of the system configuration directory. Packages should alter the content of these
	   directories only with the enable and disable commands of the systemctl(1) tool. Full
	   list of directories is provided in systemd.unit(5).

       User unit directories
	   Similar rules apply for the user unit directories. However, here the XDG Base
	   Directory specification[7] is followed to find units. Applications should place their
	   unit files in the directory returned by pkg-config systemd
	   --variable=systemduserunitdir. Global configuration is done in the directory reported
	   by pkg-config systemd --variable=systemduserconfdir. The enable and disable commands
	   of the systemctl(1) tool can handle both global (i.e. for all users) and private (for
	   one user) enabling/disabling of units. Full list of directories is provided in
	   systemd.unit(5).

       SysV init scripts directory
	   The location of the SysV init script directory varies between distributions. If
	   systemd cannot find a native unit file for a requested service, it will look for a
	   SysV init script of the same name (with the .service suffix removed).

       SysV runlevel link farm directory
	   The location of the SysV runlevel link farm directory varies between distributions.
	   systemd will take the link farm into account when figuring out whether a service shall
	   be enabled. Note that a service unit with a native unit configuration file cannot be
	   started by activating it in the SysV runlevel link farm.

SIGNALS
       SIGTERM
	   Upon receiving this signal the systemd system manager serializes its state, reexecutes
	   itself and deserializes the saved state again. This is mostly equivalent to systemctl
	   daemon-reexec.

	   systemd user managers will start the exit.target unit when this signal is received.
	   This is mostly equivalent to systemctl --user start exit.target.

       SIGINT
	   Upon receiving this signal the systemd system manager will start the
	   ctrl-alt-del.target unit. This is mostly equivalent to systemctl start
	   ctl-alt-del.target.

	   systemd user managers treat this signal the same way as SIGTERM.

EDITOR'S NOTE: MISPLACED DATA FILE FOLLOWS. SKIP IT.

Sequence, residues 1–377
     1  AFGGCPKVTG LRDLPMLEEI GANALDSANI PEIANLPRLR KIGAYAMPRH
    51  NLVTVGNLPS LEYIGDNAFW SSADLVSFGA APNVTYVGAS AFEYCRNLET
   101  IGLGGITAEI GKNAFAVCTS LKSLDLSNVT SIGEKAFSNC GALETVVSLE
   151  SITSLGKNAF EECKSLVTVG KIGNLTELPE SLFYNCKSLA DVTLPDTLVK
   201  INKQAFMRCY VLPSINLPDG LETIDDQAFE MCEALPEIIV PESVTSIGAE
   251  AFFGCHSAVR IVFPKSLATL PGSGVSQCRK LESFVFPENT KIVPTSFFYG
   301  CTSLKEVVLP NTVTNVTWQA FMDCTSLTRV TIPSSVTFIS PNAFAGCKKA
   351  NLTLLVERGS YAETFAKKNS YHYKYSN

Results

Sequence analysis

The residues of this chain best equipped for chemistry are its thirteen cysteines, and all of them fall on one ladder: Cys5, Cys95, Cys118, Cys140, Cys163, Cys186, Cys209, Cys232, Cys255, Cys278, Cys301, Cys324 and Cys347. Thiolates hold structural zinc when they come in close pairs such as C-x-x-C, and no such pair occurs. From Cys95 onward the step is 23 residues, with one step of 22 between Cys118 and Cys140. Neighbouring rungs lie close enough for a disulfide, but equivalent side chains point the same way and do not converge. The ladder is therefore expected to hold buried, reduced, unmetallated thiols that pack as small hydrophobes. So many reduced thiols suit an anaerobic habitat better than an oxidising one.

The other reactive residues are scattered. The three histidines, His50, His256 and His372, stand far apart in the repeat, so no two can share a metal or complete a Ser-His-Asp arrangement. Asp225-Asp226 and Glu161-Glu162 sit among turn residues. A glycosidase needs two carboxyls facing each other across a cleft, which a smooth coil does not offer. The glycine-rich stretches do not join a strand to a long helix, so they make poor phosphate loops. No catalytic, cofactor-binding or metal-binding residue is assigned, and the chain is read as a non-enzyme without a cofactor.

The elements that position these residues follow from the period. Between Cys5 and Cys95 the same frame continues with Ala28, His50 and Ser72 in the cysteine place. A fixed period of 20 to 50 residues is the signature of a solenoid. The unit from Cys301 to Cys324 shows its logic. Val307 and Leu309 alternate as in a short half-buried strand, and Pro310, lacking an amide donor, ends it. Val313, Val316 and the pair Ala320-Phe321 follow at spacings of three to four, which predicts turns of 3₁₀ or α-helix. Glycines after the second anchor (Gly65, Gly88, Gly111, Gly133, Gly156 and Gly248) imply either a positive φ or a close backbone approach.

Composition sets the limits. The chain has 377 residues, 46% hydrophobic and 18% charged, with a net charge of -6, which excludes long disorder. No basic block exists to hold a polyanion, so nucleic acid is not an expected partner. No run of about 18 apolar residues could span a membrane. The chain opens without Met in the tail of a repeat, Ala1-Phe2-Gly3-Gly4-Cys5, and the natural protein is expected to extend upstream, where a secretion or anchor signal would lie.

SIGWINCH
	   When this signal is received the systemd system manager will start the
	   kbrequest.target unit. This is mostly equivalent to systemctl start kbrequest.target.

	   This signal is ignored by systemd user managers.

       SIGPWR
	   When this signal is received the systemd manager will start the sigpwr.target unit.
	   This is mostly equivalent to systemctl start sigpwr.target.

       SIGUSR1
	   When this signal is received the systemd manager will try to reconnect to the D-Bus
	   bus.

       SIGUSR2
	   When this signal is received the systemd manager will log its complete state in human
	   readable form. The data logged is the same as printed by systemctl dump.

       SIGHUP
	   Reloads the complete daemon configuration. This is mostly equivalent to systemctl
	   daemon-reload.

       SIGRTMIN+0
	   Enters default mode, starts the default.target unit. This is mostly equivalent to
	   systemctl start default.target.

       SIGRTMIN+1
	   Enters rescue mode, starts the rescue.target unit. This is mostly equivalent to
	   systemctl isolate rescue.target.

       SIGRTMIN+2
	   Enters emergency mode, starts the emergency.service unit. This is mostly equivalent to
	   systemctl isolate emergency.service.

       SIGRTMIN+3
	   Halts the machine, starts the halt.target unit. This is mostly equivalent to systemctl
	   start halt.target.

       SIGRTMIN+4
	   Powers off the machine, starts the poweroff.target unit. This is mostly equivalent to
	   systemctl start poweroff.target.

       SIGRTMIN+5
	   Reboots the machine, starts the reboot.target unit. This is mostly equivalent to
	   systemctl start reboot.target.

       SIGRTMIN+6
	   Reboots the machine via kexec, starts the kexec.target unit. This is mostly equivalent
	   to systemctl start kexec.target.

       SIGRTMIN+13
	   Immediately halts the machine.

       SIGRTMIN+14
	   Immediately powers off the machine.

       SIGRTMIN+15
	   Immediately reboots the machine.

       SIGRTMIN+16
	   Immediately reboots the machine with kexec.

       SIGRTMIN+20
	   Enables display of status messages on the console, as controlled via
	   systemd.show_status=1 on the kernel command line.